Conscience is the eternal witness against pantheism. Conscience witnesses to our freedom and responsibility, and declares that moral distinctions are not illusory. Renouf, Hibbert Leot., 234—" It is only out of condescension to popular language that pantheistic systems can recognize the notions of right and wrong, of iniquity and sin. If everything really emanates from God, there can be no such thing as sin. And the ablest philosophers who have been led to pantheistic views, have vainly endeavored to harmonize these views with what we understand by the notion of sin or moral evil. The great systematic work of Spinoza is entitled 'Ethira'; but for real ethics we might as profitably consult the Elements of Euclid." Hodge, System. Theology, 1: 299-330—"Pantheism is fatalistic. On this theory, duty = pleasure: right = might; sin - good in the making. Satan, as well as Gabriel, is a self-development of God. The practical effects of pantheism upon popular morals and life, wherever it has prevailed, as in Buddhist India and China, demonstrate its falsehood." See also Dove, Logic of the Christian Faith, 118; Murphy, Scientific Bases of Faith, 202; Bib. Sac., Oct., 1867: 603-615; Dix, Pantheism, Introd., 12.

5. Our intuitive conviction of the existence of a God of absolute perfection compels us to conceive of God as possessed of every highest quality and attribute of men, and therefore, especially, of that which constitutes the chief dignity of the human spirit, its personality.

Diman, Thelstic Argument, 328—" We have no right to represent the supreme Cause as Inferior to ourselves, yet we do this when we describe it under phrases derived from physical causation." Mivart, Lessons from Nature, 351—" We cannot conceive of anything as impersonal, yet of higher nature than our own—any being that has not knowledge and will must be indefinitely inferior to one who has them."

6. Its objection to the divine personality, that over against the Infinite there can be in eternity past no non-ego to call forth self-consciousness, is refuted by considering that even man's cognition of the non-ego logically presupposes knowledge of the ego, from which the non-ego is distinguished; that, in an absolute mind, self-consciousness cannot be conditioned, as in the case of finite mind, upon contact with a not-self ; and that, if the distinguishing of self from a not-self were an essential condition of divine self-consciousness, the eternal personal distinctions in the divine nature might furnish such a condition.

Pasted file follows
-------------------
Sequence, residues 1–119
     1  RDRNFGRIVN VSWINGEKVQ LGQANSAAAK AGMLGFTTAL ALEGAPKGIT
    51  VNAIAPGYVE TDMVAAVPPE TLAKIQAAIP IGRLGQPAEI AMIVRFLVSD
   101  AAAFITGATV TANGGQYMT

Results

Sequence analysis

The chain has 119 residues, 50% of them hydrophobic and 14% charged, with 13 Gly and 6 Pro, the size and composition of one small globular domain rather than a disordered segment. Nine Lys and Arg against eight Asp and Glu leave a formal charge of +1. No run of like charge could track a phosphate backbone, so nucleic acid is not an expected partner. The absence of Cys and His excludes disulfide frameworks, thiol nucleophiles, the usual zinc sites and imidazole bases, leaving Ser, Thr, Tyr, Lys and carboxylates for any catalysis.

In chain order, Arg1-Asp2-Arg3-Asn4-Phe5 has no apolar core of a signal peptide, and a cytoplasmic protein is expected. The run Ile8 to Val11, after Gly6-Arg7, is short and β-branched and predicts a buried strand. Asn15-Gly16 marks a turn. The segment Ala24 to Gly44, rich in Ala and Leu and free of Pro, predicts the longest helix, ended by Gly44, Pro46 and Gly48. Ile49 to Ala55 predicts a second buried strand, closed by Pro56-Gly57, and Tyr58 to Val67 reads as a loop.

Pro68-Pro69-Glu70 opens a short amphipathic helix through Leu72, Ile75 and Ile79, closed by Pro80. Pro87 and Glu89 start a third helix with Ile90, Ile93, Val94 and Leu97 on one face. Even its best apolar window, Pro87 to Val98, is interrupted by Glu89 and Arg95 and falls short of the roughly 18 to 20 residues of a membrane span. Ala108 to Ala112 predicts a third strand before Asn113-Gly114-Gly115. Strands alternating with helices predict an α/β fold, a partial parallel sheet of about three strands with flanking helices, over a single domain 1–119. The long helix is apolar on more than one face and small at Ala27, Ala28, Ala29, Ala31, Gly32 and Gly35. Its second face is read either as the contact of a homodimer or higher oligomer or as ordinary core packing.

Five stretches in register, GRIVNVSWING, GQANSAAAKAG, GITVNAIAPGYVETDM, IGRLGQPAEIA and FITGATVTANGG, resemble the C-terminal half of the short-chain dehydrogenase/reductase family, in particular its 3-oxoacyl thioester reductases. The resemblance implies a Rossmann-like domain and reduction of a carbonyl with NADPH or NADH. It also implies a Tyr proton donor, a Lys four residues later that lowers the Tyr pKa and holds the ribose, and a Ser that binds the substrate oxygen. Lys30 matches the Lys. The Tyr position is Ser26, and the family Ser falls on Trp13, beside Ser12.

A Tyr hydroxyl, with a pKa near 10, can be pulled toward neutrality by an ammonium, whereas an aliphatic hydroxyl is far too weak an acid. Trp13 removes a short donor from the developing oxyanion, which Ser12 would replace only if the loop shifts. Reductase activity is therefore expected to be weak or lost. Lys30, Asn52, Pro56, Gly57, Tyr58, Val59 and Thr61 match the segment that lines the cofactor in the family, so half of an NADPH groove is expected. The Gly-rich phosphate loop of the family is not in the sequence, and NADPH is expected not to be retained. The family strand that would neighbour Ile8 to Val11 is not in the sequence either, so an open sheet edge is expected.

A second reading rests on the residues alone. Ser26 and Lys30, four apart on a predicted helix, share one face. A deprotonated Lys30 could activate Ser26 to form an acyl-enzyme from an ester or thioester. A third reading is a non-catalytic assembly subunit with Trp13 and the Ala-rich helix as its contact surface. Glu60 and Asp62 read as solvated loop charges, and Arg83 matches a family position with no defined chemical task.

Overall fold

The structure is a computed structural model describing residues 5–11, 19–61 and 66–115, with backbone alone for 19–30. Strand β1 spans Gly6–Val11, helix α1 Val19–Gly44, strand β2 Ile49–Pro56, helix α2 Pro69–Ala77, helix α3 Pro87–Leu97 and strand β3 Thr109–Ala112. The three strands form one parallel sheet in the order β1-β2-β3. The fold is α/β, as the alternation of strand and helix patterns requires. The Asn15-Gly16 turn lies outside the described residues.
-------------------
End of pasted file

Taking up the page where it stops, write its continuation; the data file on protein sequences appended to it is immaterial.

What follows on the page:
Pfleiderer, Die Religion, J: 190 «/.—" Before tho soul distinguishes self from the notself, it must know self—else it could not sec the distinction. Its development Is connected with the knowledge of the non-ego, but this is due, not to the fact of rx riumalitu. but to the fact of finite personality. The mature man can live for a long time upon his own resources. God needs no other, to stir him up to mental activity. Flnitcness is a hindrance to the development of our personality. Inflnitencss is necessary to the highest personality." Lotzc, Microcosmos, vol. 3, chapter 4; transl. in N. Eng., March, 1881: 191-200—" Finite spirit, not having conditions of existence! in itself, can know the ego only upon occasion of knowing the non-ego. The Infinite is not so limited. He alone has an independent existence, neither introduced nor developed through anything not himself, but, in an inward activity without beginning or end, maintains himself in himself."

Dorner, Glaubenslehre: "Absolute Personality = perfect consciousness of self, and perfect power over self. We need something external to waken our consciousness—yet self-consciousness comes [ logically ] before consciousness of the world. It is the soul's act. Only after it has distinguished self from self, can it consciously distinguish self from another." British Quarterly, Jan., 1874: 32, note; July, 1884: 108—"The ego is thinkatiU only in relation to the non-ego; but the ego is liveable long before any such relation." See Julius MUUer, Doctrine of Sin, 2: 122-126; Christlieb. Mod. Doubt and Christ, Belief, 161-190; Hanne, Idee der absoluten Persiinlichkeit; Eichhorn, Die Personlichkcit Gottes.